Law Proposed to Eliminate Public Beaches in Texas


AUSTIN, TX — Senate Bill 434 proposes to modify the “burden of proof in a suit or administrative proceeding to establish that an area is subject to the public beach easement.” Sounds like legalese, but three former Texas Land Commissioners argued that should this bill become law, Texans who traditionally enjoyed unfettered access to public beaches from McFadden Beach near Port Arthur to South Padre Island will need to have an attorney accompany them in case trespassing charges are filed against them.

In the State of Texas Constitution is the Texas Open Beaches Act that was added in 1959. In implementing this law, the Texas Legislature gave authority to the Texas General Land Office to determine the boundaries of public beaches. SB 434, introduced this legislative session by Texas Senator Mayes Middleton (R - Galveston), strikes language from an administrative law that would guarantee beach access to all. Under Middleton’s revision, the property owner of the land facing the beach will make the determination of where public beach access begins and the rest of us be damned, unless we have the resources to file a lawsuit.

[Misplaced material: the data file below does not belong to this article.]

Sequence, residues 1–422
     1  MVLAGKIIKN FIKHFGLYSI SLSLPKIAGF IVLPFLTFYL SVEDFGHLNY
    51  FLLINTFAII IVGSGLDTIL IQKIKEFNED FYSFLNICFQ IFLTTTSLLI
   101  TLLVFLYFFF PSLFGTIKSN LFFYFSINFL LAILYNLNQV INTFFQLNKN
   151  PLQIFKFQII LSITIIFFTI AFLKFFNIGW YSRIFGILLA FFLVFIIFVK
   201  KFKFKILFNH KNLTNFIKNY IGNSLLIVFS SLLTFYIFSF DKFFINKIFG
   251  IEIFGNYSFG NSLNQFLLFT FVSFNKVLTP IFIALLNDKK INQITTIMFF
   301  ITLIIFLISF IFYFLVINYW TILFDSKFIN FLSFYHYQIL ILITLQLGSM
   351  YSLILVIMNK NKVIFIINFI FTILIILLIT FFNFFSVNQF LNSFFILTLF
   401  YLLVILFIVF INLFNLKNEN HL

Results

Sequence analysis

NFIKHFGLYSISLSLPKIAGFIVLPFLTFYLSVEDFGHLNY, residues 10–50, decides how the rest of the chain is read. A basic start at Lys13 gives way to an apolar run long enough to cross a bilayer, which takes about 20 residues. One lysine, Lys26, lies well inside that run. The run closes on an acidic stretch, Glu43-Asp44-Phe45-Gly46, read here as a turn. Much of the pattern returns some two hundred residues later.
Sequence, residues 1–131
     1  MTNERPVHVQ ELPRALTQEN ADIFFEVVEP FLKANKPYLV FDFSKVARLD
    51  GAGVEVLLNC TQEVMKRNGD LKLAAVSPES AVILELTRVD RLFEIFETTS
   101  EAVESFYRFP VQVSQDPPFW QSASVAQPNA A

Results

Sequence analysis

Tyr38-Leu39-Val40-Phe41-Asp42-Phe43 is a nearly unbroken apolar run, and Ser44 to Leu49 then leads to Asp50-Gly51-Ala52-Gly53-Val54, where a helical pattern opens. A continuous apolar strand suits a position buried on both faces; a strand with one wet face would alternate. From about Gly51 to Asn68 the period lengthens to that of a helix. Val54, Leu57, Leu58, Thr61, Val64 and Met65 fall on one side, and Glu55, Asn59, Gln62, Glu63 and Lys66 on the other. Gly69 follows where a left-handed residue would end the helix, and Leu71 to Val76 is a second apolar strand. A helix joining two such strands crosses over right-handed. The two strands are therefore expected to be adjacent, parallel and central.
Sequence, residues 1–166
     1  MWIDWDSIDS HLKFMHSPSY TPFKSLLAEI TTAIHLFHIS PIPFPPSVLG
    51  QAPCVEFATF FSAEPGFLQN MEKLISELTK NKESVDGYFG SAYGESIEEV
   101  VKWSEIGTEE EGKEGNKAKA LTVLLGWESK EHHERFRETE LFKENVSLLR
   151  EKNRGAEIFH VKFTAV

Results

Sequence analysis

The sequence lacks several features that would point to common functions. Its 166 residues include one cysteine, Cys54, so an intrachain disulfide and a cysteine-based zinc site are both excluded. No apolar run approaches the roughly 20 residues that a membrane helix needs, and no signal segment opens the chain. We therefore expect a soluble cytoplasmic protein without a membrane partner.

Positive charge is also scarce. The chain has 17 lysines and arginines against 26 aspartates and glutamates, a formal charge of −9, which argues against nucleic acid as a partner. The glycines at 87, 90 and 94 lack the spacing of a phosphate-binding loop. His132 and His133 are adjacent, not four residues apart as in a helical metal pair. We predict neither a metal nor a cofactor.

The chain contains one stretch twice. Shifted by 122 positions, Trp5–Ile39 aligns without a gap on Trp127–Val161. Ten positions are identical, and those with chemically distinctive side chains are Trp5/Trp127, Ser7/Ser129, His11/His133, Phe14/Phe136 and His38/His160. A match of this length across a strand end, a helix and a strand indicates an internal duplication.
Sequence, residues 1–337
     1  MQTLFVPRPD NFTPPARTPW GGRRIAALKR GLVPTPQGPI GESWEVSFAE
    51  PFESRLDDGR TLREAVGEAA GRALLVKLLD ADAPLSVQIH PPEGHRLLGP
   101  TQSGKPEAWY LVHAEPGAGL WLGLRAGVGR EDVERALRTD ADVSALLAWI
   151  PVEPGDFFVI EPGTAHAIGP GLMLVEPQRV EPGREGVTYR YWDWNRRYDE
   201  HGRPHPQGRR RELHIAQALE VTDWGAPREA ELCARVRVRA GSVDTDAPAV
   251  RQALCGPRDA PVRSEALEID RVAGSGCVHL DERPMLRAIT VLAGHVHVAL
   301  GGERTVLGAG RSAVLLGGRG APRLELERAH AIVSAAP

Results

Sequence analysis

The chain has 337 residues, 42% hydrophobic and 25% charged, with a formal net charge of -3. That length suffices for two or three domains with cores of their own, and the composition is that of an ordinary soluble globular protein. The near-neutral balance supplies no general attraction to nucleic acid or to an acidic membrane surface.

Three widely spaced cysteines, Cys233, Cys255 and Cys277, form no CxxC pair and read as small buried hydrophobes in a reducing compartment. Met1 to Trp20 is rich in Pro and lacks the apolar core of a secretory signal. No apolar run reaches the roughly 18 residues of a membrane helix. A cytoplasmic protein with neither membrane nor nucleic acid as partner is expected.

As the law has been on the books since 1959, public beaches are between the line of vegetation and the high tide water mark. The new legislation will allow the beach-facing property owner to define his or her private property line beyond the vegetation line all the way to the “wet beach” area that begins at he high tide mark. That means at high tide, Texas citizens will have to navigate through water, around potentially fenced areas with ‘no trespassing’ signs, to enjoy the open beach. SB 434 also removes the authority of the Texas Land Commissioner to define where the public beach begins.

Three former Texas Land Commissioners from both parties, David Dewhurst (R), Garry Mauro (D) and Jerry Patterson (R) warned in an op-ed in the Galveston Daily News that if SB 434 becomes law, “public access to Texas beaches may soon end.”

The bill shortens the wording of the existing law to shift the burden of proof onto the citizen complainant that a property owner is restricting access to the public beach. That access is a constitutional right in Texas. The law’s proposed modifications are here.

The trio of former land commissioners suggests that Texans wanting to maintain public and open beaches in Texas to contact their state senator and state representative to urge them to oppose Senator Middleton’s SB 434. In San Angelo, Sen. Charles Perry and Rep. Drew Darby are our representatives.

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